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How governments are helping citizens?

Coronavirus Pandemic

Approx Read Time: 6 minutes
Coronavirus Pandemic
Coronavirus Pandemic | Government helping citizens

Context:

  • As India braces for the economic fallout of the coronavirus pandemic, the Uttar Pradesh government on Saturday announced aid of Rs 1,000 each in the bank accounts of 35 lakh labourers, and free rations for a month to 1.65 crore construction workers and daily wagers.
  • Earlier, Kerala had announced a Rs 20,000-crore package, including a Rs 2,000 crore loan to members of the poverty eradication and women’s empowerment scheme Kudumbashree, and another Rs 2,000 crore for the MNREGS over the next two months.
  • This provides the context to understand what governments all over the world are doing to help the citizens, workers and businesses affected by the coronavirus.
  • Worldwide, many governments have announced large spending programmes to help individuals and businesses stay afloat.

UK:

  • The government has announced that it will pay grants covering up to 80% of the salary of workers (up to maximum of £2,500 per month) if companies keep them on their payrolls, rather than lay them off.
  • The UK has unveiled financial measures including £330 billion in loans, £20 billion in other aid, and grants for retailers and pubs.
  • Statutory sick pay of £94.25 per week will be available from the first day of illness.

United States:

  • The White House is negotiating a package with Congress, which could exceed $2 trillion.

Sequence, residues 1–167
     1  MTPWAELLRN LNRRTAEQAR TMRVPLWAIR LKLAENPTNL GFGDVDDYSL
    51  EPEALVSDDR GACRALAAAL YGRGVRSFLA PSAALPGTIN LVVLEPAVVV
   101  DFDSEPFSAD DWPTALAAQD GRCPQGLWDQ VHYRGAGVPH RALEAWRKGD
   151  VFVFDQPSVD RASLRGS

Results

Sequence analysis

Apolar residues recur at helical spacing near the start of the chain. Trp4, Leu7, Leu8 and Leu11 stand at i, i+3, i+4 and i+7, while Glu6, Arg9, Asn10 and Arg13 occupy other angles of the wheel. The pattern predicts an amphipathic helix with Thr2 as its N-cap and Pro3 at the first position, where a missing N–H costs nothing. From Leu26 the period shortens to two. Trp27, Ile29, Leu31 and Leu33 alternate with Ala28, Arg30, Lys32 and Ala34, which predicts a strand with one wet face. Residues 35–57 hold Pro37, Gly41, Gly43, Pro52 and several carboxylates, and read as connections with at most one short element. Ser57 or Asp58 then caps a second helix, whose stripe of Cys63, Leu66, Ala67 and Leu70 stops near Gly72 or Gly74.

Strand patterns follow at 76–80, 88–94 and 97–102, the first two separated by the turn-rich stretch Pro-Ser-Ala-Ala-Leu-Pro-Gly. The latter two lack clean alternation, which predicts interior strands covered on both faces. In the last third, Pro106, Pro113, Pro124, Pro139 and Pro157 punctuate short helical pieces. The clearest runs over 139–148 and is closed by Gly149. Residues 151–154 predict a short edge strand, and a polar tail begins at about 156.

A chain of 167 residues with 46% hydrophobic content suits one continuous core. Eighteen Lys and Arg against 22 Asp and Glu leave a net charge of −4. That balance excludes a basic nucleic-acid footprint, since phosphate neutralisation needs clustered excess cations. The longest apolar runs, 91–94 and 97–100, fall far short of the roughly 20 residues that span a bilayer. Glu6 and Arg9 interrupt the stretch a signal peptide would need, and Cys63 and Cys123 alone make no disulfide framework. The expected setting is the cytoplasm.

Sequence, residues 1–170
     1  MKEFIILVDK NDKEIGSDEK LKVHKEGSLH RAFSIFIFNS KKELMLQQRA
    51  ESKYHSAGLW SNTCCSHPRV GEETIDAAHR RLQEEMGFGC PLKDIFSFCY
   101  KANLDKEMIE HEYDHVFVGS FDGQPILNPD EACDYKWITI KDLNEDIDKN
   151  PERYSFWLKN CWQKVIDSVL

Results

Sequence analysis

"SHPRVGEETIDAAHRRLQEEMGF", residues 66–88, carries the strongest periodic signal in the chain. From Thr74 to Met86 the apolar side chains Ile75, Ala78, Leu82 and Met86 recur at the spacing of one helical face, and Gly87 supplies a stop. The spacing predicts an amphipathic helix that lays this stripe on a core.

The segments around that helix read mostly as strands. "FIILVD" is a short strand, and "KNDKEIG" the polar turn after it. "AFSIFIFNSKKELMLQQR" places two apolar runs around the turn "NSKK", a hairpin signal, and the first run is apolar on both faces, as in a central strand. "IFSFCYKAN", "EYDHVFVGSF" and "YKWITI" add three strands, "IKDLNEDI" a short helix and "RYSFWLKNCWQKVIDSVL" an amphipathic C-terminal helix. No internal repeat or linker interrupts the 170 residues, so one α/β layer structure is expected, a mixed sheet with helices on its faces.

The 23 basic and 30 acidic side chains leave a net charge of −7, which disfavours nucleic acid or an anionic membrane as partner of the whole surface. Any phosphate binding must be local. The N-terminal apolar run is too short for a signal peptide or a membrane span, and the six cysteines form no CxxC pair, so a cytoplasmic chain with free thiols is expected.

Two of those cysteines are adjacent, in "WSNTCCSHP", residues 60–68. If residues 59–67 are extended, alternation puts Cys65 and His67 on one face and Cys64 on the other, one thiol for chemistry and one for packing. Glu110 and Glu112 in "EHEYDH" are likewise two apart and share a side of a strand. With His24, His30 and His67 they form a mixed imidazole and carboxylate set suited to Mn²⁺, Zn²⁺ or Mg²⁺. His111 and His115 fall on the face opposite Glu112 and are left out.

• This could include direct payments to Americans under a certain income threshold, $200 billion in loans to distressed industry sectors, and $300 billion in forgivable bridge loans for small businesses.

Canada:

  • The government will provide up to $27 billion in direct support to workers and businesses, plus $55 billion to meet the liquidity needs of businesses and households through tax deferrals.

Italy:

  • The government has adopted an emergency decree worth €25 billion.
  • It also:
    1. Suspended loan and mortgage repayments for companies and families.
    2. Increased funds to help firms pay workers temporarily laid off.
    3. Provided € 3.5 billion to support the healthcare system.
    4. €10 billion to support families and workers.
  • It suspended all firing procedures that began after February 23.

France:

  • France has announced €45 billion in direct tax breaks and direct state payments in addition to €300 billion in loans.
  • The government stands has also positioned itself to nationalize large companies if needed.

Spain:

  • Spanish government announced €100 billion of loans and guarantees for companies in need of cash.
  • Spain has nationalized all hospitals.
  • The government will subsidize workers who have been temporarily laid off by giving them access to the benefits system.

Germany:

  • The government is expanding Kurzarbeitergeld, a scheme that provides subsidies to employees sent home during economic crises.

Netherlands:

  • The government will cover 90% of salaries lost because of reductions in work hours.

Denmark:

  • The government will shoulder 75% of wages (up to a limit) to prevent companies from carrying out layoffs.

Sweden:

  • The government will subsidize workers’ salaries. Employees will collect 90% of their wages, and will work reduced hours.

Taiwan:

  • On February 25 itself, Taiwan’s Parliament approved a $2 billion stimulus package. This will help small businesses and tour agencies, and provide tax cuts for tour bus drivers.

Japan:

  • The government has announced grants and loans to small and medium businesses. It is considering handing out 12,000 yen to each citizen.

Australia:

  • The government will pay $750 to all lower-income citizens on March 31. Small and medium-sized enterprises can apply for up to $25,000 to cover employees’ wages.

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